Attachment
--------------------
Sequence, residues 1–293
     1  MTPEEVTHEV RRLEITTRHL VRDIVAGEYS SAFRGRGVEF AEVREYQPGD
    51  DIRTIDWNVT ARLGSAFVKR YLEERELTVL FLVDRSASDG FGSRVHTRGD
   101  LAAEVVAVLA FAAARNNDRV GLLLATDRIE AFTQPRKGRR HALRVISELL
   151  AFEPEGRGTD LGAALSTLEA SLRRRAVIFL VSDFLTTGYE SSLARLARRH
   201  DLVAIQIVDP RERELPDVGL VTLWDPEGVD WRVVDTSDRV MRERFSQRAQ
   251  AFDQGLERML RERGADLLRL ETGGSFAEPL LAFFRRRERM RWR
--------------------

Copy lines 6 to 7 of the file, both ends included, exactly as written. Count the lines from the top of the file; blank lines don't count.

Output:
   201  DLVAIQIVDP RERELPDVGL VTLWDPEGVD WRVVDTSDRV MRERFSQRAQ
   251  AFDQGLERML RERGADLLRL ETGGSFAEPL LAFFRRRERM RWR